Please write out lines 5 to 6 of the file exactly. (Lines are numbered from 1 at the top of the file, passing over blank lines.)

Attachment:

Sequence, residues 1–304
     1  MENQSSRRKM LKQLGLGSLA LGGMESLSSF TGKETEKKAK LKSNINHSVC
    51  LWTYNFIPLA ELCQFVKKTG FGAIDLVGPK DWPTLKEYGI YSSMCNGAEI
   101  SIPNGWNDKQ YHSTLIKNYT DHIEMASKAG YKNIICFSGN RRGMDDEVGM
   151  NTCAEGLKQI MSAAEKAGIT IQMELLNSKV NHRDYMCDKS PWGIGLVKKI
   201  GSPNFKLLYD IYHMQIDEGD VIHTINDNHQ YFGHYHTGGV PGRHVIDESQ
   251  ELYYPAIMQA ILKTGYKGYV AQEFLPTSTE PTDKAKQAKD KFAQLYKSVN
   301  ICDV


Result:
   151  NTCAEGLKQI MSAAEKAGIT IQMELLNSKV NHRDYMCDKS PWGIGLVKKI
   201  GSPNFKLLYD IYHMQIDEGD VIHTINDNHQ YFGHYHTGGV PGRHVIDESQ